Things to do in Sloane Square
If you are a dedicated follower of fashion you are sure to have heard of the infamous Sloane Rangers. A Sloane Ranger was a young upper-class female who lived around Sloane Square and had a home in the country. Sloane Rangers were characterized by their clothing which was expensive but informal country dressing. Tweed jackets, jodhpurs, jeans, cardigans and pearls. Diana, Princess of Wales was considered the archetypal Sloane Ranger of the 1980s by The Official Sloane Ranger Handbook.
At one end of Sloane Square is the stylish King’s Road while Sloane Street runs off the square and links to Knightsbridge. This location puts it within walking distance of some of the best attractions in London, from bars and clubs to hotels and restaurants.
In the centre of the square is the famous Venus Fountain which was designed by sculptor Gilbert Ledward and constructed in 1953. As the name suggests the fountain depicts Venus while the basin of the fountain depicts King Charles II and Nell Gwynn.
The two buildings worth of note within the square itself are the Royal Court Theatre and the Peter Jones department store, with the National Army Museum just a short walk away.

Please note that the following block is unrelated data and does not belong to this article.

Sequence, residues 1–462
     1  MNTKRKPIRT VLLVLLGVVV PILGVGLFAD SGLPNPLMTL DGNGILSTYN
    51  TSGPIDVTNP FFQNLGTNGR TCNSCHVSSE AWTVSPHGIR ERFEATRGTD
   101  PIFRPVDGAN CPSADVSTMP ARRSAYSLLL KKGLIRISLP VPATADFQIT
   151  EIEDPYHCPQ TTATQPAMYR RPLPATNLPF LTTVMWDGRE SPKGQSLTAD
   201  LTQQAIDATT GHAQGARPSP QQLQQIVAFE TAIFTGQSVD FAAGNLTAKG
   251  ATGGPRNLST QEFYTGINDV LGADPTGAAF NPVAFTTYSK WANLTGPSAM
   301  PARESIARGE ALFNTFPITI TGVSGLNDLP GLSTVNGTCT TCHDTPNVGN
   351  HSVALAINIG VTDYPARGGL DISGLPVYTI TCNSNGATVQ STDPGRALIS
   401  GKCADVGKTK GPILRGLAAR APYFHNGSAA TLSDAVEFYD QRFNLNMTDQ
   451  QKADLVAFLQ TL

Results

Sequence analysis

Kensington Roof Gardens
Come to Kensington Roof Gardens and enjoy the view! Located on top of the former Derry and Tom’s department store and covering 1.5 acres, this is the largest roof garden in Europe. You can lose yourself in the Spanish, Tudor and English woodland-style gardens and make the most of the panoramic views over West London. You can even dine in the exclusive Babylon Restaurant. You should check that there are no private parties taking place before you go to avoid disappointment!
RHS Chelsea Flower Show
The Chelsea Flower Show is a garden show held for five days in May by the Royal Horticultural Society (RHS) on the grounds of the Royal Hospital Chelsea in Chelsea, London. Held at Chelsea since 1912, it is the most famous flower and landscape gardens show in the United Kingdom, and perhaps in the world.
Highlights of the Chelsea Flower Show include the avant-garde show gardens and an incredible cut garden flowers show in the marquee. There is cutting-edge garden design, fabulous floral displays and simply the best shopping for plants and garden items – tickets are pretty damned expensive for non-members starting at £83.75.
Best oddity in Kensington
Kensington Gardens Elfin Oak is over 900 years old and originally grew in Richmond Park. It is covered with tiny magical figures carved between 1928-30 by Ivor Innes. This most unusual tree owes its preservation to Spike Milligan.
Royal Albert Hall
Classical music, rock, pop and jazz, sporting events, galas, banquets and balls and the world-famous Proms series all take place within the Royal Albert Hall’s iconic oval walls. The brainchild of Prince Albert, inspired by the success of the Great Exhibition, the hall first opened in 1871, ten years after the Prince’s death.